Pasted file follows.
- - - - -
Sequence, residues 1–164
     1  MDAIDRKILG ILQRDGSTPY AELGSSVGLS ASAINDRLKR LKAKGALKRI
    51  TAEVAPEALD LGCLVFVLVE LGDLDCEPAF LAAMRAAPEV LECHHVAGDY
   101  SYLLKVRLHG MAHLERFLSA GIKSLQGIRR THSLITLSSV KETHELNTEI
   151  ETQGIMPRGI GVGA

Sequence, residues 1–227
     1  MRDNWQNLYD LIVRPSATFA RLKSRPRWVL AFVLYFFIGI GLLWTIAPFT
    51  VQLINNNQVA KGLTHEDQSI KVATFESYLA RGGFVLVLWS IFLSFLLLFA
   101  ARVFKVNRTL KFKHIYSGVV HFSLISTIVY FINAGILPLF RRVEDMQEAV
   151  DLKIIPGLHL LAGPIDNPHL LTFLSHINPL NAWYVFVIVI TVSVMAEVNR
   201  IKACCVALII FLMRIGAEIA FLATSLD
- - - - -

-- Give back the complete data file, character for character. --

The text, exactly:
Sequence, residues 1–164
     1  MDAIDRKILG ILQRDGSTPY AELGSSVGLS ASAINDRLKR LKAKGALKRI
    51  TAEVAPEALD LGCLVFVLVE LGDLDCEPAF LAAMRAAPEV LECHHVAGDY
   101  SYLLKVRLHG MAHLERFLSA GIKSLQGIRR THSLITLSSV KETHELNTEI
   151  ETQGIMPRGI GVGA

Sequence, residues 1–227
     1  MRDNWQNLYD LIVRPSATFA RLKSRPRWVL AFVLYFFIGI GLLWTIAPFT
    51  VQLINNNQVA KGLTHEDQSI KVATFESYLA RGGFVLVLWS IFLSFLLLFA
   101  ARVFKVNRTL KFKHIYSGVV HFSLISTIVY FINAGILPLF RRVEDMQEAV
   151  DLKIIPGLHL LAGPIDNPHL LTFLSHINPL NAWYVFVIVI TVSVMAEVNR
   201  IKACCVALII FLMRIGAEIA FLATSLD